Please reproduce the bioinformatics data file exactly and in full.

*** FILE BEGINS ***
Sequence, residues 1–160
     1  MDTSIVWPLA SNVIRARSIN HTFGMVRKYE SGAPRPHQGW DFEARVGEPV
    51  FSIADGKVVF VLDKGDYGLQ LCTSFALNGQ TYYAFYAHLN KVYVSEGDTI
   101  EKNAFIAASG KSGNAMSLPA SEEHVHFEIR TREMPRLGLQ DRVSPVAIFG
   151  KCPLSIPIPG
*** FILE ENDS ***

Sequence, residues 1–160
     1  MDTSIVWPLA SNVIRARSIN HTFGMVRKYE SGAPRPHQGW DFEARVGEPV
    51  FSIADGKVVF VLDKGDYGLQ LCTSFALNGQ TYYAFYAHLN KVYVSEGDTI
   101  EKNAFIAASG KSGNAMSLPA SEEHVHFEIR TREMPRLGLQ DRVSPVAIFG
   151  KCPLSIPIPG